A potential new way to fight obesity-related illness has been uncovered, thanks to serendipitous research led by investigators at the Case Western Reserve University School of Medicine.
An essential antioxidant, vitamin E had been shown by recent studies to alleviate some symptoms of nonalcoholic steatohepatitis (NASH) in human patients, suggesting that there is a link between adequate vitamin E levels and liver disease.
While studying the effect of vitamin E deficiency on the central nervous system of mice, the research came across those with advanced stages of nonalcoholic steatohepatitis.
To test this hypothesis, the team studied a mouse that was engineered to lack a protein that regulates the levels of vitamin E in the body. As expected, they observed increased oxidative stress, fat deposition and other signs of liver injury in the mice. Supplementation with vitamin E averted the majority of NASH-related symptoms in these animals, confirming the relationship between vitamin E deficiency and liver disease.
The precise effects of vitamin E on health have previously been difficult to ascertain, though its antioxidative properties were suggested to offer some protection from a variety of well-known maladies, including heart disease, cancer and neurological diseases such as Alzheimer’s and Lou Gehrig’s disease (amyotrophic lateral sclerosis, or ALS).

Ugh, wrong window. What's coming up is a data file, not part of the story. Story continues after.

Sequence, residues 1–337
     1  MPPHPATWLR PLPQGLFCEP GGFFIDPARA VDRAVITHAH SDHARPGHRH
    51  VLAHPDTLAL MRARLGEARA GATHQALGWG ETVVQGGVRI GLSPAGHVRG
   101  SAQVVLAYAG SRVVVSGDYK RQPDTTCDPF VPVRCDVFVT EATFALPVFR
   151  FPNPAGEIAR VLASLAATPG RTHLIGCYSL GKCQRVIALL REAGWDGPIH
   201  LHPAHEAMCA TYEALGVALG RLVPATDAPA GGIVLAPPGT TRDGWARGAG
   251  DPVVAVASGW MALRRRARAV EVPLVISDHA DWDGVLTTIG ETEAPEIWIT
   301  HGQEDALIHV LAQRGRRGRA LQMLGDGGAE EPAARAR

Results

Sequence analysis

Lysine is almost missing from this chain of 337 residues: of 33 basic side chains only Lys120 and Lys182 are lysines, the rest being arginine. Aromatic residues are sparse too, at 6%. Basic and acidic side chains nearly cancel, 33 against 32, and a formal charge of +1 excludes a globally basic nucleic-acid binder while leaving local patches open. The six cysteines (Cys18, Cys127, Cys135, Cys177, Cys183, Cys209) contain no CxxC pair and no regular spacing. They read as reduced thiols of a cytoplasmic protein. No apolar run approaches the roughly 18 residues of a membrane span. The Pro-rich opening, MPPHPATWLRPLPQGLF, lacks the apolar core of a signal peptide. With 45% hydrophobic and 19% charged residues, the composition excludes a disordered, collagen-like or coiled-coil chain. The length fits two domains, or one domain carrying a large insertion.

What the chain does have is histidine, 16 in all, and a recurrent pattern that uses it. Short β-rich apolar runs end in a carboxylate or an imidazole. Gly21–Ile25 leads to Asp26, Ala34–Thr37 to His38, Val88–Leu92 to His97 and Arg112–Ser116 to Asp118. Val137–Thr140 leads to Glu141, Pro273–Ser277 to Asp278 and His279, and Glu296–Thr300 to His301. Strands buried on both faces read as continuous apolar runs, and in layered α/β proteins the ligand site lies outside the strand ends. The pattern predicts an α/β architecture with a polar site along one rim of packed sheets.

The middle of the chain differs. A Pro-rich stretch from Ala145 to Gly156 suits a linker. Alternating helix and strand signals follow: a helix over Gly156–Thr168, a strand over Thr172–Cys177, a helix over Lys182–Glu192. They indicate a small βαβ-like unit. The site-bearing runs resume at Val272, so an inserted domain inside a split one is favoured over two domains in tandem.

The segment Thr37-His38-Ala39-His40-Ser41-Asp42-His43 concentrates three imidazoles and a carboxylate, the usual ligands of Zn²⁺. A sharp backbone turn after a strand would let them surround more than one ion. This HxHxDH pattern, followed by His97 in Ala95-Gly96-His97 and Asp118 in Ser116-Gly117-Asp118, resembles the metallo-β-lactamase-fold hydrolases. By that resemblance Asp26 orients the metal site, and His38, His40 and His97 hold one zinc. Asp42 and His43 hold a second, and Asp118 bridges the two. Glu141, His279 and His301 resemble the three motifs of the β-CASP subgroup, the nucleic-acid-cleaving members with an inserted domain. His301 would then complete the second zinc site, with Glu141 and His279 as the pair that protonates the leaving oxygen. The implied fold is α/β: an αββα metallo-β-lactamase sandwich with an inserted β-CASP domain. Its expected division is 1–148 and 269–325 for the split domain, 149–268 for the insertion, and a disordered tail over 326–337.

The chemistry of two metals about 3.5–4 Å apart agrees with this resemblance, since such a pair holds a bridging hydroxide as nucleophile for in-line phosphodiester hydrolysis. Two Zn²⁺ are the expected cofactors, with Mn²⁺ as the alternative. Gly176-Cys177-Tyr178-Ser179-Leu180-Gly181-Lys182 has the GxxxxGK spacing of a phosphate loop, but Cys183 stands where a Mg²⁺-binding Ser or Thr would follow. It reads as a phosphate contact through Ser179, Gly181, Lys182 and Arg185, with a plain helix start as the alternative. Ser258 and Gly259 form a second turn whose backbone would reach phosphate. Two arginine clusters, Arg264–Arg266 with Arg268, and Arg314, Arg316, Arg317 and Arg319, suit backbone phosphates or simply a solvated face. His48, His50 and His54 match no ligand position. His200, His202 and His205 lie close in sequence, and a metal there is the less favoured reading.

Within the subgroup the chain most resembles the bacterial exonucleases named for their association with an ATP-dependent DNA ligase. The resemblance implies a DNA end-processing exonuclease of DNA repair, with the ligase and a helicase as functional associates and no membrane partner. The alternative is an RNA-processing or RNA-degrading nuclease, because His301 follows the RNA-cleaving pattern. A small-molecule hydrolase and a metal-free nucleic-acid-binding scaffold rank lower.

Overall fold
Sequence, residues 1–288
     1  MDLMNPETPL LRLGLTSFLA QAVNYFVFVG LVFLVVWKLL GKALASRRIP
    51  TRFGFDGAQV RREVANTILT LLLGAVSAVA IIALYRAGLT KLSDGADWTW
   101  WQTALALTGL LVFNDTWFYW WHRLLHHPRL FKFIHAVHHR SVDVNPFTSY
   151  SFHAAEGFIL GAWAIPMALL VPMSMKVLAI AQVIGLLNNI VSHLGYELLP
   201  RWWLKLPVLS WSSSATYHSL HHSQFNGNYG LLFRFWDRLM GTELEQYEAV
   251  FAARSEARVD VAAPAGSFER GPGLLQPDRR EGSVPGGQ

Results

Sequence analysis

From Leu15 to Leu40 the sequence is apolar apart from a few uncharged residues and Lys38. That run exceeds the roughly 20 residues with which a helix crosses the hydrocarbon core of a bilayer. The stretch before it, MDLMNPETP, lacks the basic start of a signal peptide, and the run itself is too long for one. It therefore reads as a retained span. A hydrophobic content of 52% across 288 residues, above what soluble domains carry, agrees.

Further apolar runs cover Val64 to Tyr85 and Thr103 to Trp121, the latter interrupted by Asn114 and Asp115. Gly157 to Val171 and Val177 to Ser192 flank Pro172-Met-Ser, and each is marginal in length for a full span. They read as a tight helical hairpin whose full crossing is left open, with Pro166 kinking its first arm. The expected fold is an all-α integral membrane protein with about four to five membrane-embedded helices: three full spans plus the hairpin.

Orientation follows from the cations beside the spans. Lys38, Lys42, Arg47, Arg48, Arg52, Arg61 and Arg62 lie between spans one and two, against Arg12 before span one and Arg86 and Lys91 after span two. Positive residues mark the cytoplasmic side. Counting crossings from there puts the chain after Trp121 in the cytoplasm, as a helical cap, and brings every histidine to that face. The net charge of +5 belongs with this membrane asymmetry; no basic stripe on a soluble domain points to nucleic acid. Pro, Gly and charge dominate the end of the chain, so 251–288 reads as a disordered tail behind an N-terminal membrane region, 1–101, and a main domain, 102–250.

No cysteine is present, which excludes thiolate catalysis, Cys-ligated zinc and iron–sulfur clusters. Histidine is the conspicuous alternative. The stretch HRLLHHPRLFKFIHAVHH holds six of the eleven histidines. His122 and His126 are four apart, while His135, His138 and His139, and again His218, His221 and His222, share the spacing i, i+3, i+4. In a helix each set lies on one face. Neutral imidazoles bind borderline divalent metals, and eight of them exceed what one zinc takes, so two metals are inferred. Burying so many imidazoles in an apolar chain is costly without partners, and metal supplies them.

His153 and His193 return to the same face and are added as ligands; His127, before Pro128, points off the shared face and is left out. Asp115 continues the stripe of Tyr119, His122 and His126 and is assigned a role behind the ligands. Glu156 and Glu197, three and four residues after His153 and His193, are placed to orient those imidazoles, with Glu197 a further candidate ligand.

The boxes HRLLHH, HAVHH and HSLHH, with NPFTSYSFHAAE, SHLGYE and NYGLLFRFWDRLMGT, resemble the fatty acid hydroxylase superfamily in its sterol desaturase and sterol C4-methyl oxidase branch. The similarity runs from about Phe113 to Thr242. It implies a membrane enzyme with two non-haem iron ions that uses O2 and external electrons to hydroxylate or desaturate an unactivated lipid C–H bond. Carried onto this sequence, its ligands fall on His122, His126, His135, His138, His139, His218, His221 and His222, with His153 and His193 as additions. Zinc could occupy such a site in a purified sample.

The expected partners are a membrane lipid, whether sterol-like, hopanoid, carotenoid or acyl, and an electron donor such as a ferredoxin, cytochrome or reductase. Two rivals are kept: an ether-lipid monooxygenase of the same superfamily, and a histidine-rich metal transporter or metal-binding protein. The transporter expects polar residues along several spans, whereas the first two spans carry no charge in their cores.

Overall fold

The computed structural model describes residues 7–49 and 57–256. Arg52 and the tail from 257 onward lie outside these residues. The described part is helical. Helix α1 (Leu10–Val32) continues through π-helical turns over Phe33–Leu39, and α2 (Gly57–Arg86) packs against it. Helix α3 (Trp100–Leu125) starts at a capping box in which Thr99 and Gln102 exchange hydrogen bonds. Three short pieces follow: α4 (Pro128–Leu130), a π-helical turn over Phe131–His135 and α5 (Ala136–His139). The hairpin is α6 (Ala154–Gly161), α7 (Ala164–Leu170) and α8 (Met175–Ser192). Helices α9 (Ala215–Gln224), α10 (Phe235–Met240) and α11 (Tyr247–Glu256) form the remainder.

“These findings may have a significant impact on public health as the vast majority of adults in the United States do not consume the amount of vitamin E recommended by the National Institute of Medicine.” says Danny Manor, an associate professor at the Case Western Reserve University School of Medicine.
For adults, the recommended dietary allowance of vitamin E is 15 milligrams a day. Vegetable oils, nuts and seeds, leafy greens and fortified cereals commonly contain vitamin E. “Simple and affordable dietary intervention may benefit people at risk for this debilitating disease,” Manor says.
There is currently no treatment for NASH, making it one of the most common reasons for liver transplantation.
Manor and colleague Varsha Thakur presented the group’s findings at the annual meeting of the American Society for Biochemistry and Molecular Biology, held in conjunction with the Experimental Biology 2013 meeting in Boston.
The above story is based on the April 23, 2013 news release by American Society for Biochemistry and Molecular Biology (ASBMB)
NASH is a common complication of obesity characterized by fat accumulation, oxidative stress and inflammation in the liver. It is the most severe form of nonalcoholic fatty liver disease and is a major cause of tissue scarring known as cirrhosis that leads to liver failure and may progress to liver cancer. There is currently no treatment for NASH, making it one of the most common reasons for liver transplantation.
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